This column first ran in The Tablet in November 2013
Comets, according to comet-hunter David Levy, are like cats. They both have tails; and they both do whatever they want.
People my age remember Comet Kohoutek, which came with a tremendous build-up in 1973 and turned out to be a major disappointment. It had been discovered quite far out in its orbit, with about a year’s lead time; we’d assumed that anything bright enough to be seen so far in advance would probably be spectacular by the time it arrived near Earth. It wasn’t. (I actually did see Kohoutek and, as comets go, it was small but pleasant. It was easily seen with the naked eye, if you knew where to look. The only thing wrong with it was the overhype it had received.)
Among comet circles, there’s been fear that this year’s Comet ISON (named for the International Scientific Optical Network telescope near Kislovodsk, Russia, where it was discovered) would suffer the same fate. It likewise was spotted almost a year in advance of its closest approach, and it has also been the victim of overhyping. Over the past few months, as it failed to brighten up the way the naive first guesses predicted, we all nodded our heads knowingly. Then, last week, literally overnight it increased its brightness six-fold.
According to a popular science teaching website, the sign of good science is that it is “not based on authority; testable; repeatable; universal; measurable; observable.” By those criteria, hardly anything about comets would count as good science. No comet is universal; each one is different. By the time your observations of a particular comet are published, that comet is gone and no one can go back to check your results: it’s unrepeatable. If we’re to believe your results, we just have to trust your authority as an observer. Indeed, we’ve sent spacecraft to observe half a dozen different comet nuclei; even close up, each one has shown important characteristics that are quite different from all the others.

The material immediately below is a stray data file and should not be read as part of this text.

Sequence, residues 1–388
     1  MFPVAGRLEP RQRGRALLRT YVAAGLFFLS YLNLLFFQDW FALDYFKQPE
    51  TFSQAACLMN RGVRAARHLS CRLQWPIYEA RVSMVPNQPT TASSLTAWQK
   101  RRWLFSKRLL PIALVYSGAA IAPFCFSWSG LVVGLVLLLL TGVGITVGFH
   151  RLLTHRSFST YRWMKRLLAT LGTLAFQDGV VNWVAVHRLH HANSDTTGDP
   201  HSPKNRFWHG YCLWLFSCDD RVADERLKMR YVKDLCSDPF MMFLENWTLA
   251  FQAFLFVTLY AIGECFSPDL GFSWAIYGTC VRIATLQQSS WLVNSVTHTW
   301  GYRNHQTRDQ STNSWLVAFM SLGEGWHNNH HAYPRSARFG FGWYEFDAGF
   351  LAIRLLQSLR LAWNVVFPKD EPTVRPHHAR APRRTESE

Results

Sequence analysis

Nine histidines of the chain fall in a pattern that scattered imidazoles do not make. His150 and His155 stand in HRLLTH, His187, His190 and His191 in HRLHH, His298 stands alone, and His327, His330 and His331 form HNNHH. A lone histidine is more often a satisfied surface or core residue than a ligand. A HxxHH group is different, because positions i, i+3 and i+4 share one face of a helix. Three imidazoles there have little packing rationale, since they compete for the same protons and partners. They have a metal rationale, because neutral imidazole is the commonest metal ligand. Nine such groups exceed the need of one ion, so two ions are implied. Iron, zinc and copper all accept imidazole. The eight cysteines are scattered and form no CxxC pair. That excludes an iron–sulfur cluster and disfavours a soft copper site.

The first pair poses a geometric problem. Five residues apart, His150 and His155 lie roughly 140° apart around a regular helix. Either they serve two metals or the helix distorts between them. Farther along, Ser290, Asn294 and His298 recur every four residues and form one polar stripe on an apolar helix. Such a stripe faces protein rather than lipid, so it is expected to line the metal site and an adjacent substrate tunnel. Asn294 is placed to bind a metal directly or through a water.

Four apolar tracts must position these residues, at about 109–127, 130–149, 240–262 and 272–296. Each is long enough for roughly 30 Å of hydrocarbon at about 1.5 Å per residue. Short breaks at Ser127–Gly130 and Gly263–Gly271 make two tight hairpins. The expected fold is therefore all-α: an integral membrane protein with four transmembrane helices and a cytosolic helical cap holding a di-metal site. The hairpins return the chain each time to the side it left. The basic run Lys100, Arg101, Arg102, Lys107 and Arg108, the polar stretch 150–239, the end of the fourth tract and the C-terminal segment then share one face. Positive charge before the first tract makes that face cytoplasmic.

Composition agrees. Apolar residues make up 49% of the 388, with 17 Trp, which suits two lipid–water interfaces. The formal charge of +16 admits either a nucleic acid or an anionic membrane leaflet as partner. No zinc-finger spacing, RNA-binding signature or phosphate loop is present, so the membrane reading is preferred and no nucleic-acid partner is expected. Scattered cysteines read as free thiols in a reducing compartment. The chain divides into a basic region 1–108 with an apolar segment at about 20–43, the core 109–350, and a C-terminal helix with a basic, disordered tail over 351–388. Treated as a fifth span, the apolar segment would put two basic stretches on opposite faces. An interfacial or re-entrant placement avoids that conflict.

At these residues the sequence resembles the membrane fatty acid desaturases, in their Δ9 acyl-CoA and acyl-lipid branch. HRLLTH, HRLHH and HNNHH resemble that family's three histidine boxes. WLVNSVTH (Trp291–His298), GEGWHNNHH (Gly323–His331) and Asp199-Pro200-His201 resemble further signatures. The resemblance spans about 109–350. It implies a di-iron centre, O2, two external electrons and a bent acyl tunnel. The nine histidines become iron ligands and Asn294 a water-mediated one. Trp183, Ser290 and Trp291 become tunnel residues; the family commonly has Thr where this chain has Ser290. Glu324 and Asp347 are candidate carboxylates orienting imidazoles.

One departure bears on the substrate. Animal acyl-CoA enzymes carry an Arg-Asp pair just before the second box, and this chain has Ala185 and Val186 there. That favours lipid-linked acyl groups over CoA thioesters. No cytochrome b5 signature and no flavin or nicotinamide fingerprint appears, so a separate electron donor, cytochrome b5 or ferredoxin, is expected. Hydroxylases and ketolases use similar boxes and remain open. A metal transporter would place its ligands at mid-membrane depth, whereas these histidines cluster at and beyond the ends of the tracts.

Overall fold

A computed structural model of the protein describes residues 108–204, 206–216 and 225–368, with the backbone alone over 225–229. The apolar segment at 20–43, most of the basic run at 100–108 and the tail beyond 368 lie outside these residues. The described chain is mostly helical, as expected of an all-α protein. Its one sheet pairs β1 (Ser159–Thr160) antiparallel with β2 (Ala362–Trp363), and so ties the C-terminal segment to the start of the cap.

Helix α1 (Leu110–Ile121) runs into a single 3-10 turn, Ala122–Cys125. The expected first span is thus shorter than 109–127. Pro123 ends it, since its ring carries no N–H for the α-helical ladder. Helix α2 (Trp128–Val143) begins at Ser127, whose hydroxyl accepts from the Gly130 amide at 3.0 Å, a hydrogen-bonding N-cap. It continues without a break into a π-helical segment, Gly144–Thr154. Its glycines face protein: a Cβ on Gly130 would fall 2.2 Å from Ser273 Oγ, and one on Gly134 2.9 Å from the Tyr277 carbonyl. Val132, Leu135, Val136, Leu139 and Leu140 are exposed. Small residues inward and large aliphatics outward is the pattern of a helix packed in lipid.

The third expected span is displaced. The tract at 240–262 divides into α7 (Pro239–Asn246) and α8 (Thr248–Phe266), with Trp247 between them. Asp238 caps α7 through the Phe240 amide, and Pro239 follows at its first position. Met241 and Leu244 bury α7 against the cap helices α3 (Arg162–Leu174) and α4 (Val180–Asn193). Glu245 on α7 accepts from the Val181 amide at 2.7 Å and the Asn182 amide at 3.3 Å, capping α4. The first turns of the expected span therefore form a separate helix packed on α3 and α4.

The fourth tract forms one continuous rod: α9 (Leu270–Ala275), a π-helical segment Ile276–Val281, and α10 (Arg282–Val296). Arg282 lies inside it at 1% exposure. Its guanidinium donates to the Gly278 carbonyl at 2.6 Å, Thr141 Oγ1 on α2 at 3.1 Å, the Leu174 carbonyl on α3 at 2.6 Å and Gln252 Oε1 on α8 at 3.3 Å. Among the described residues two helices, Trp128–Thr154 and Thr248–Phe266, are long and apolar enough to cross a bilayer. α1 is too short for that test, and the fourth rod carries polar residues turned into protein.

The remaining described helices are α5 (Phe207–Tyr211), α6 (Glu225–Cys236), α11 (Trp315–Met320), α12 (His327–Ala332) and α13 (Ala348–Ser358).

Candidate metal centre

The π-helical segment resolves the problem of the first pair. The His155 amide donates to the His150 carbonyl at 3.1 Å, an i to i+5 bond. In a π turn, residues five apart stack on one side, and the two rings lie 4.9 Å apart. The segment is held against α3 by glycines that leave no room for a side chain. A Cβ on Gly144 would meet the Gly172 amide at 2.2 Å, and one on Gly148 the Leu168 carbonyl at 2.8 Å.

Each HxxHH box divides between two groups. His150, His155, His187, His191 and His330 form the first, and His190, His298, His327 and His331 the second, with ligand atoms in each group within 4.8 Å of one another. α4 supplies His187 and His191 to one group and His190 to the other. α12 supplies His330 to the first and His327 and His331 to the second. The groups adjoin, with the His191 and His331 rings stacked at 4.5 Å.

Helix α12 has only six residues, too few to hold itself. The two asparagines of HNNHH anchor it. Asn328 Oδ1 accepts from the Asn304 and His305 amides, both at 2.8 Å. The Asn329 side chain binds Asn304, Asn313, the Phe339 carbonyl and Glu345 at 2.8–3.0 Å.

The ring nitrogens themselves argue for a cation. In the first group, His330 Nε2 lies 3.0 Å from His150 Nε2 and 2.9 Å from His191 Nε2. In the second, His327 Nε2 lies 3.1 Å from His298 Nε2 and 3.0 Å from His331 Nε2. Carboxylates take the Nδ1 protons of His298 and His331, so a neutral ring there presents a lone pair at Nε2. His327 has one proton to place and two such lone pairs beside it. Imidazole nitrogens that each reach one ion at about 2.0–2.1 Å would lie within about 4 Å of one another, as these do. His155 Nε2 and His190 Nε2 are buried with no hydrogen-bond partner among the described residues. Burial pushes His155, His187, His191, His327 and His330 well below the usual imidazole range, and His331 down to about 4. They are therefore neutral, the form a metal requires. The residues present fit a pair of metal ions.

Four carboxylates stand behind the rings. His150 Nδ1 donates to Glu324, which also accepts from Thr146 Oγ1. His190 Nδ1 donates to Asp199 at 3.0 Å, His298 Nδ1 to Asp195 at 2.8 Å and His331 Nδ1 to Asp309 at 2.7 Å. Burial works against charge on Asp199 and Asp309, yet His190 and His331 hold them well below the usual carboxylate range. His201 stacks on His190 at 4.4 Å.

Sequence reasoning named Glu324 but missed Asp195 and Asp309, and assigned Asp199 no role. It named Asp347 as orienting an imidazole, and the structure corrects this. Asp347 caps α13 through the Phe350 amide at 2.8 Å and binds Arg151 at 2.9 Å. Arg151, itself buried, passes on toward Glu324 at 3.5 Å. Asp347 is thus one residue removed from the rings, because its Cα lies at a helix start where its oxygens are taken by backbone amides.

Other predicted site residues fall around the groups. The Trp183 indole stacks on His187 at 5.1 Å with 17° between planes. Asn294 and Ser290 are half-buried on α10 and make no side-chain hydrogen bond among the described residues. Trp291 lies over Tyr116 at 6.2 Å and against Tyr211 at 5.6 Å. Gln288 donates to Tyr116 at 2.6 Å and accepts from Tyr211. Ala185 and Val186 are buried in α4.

That list of criteria for “good science” (especially the “not based on authority” bit) finds its roots in Galileo’s famous book on the philosophy of science, The Assayer. Ironically, his motivation for writing that book in 1623 was to prove that comets were not really astronomical objects at all, but mere refractions of light in the upper atmosphere. He thought that it would be impossible for something to orbit in space the way that comets were observed to move, and still fit into the Copernican system he so loved; he didn’t understand or accept Kepler’s idea of elliptical orbits. His assertions against comets was based entirely on his own authority; he never actually saw a comet himself.
Meanwhile, on Thursday, November 28, Comet ISON’s highly elliptical orbit passes it very close to the Sun; so close that in fact the comet may break into dozens of small bits which will boil away before they have a chance to reappear in our skies. Our best guess at the moment is that it will survive, but we can’t be sure. Comets do whatever they want.
The first days of December will tell the tale when, if we’re lucky, Comet ISON will become visible to the naked eye. Assuming the weather cooperates, look just after sunset (or again in the dawn just before sunrise) and you might see a fuzzy streak of light, a bit north of where the Sun has set (or north of where it will rise).
And meanwhile, without hype, unheralded Comet Lovejoy has also been making its appearance in the morning sky. So far, it has actually been brighter than Comet Ison, easily spotted with binoculars just off the handle of the Plough (or Big Dipper).
Comets are like saints. Sometimes the really good ones don’t get the publicity.
[I tried to see Comet Lovejoy, and failed; it was hidden by the city lights of Rome, to our north. Neither Lovejoy nor ISON ever really became bright naked-eye comets.]
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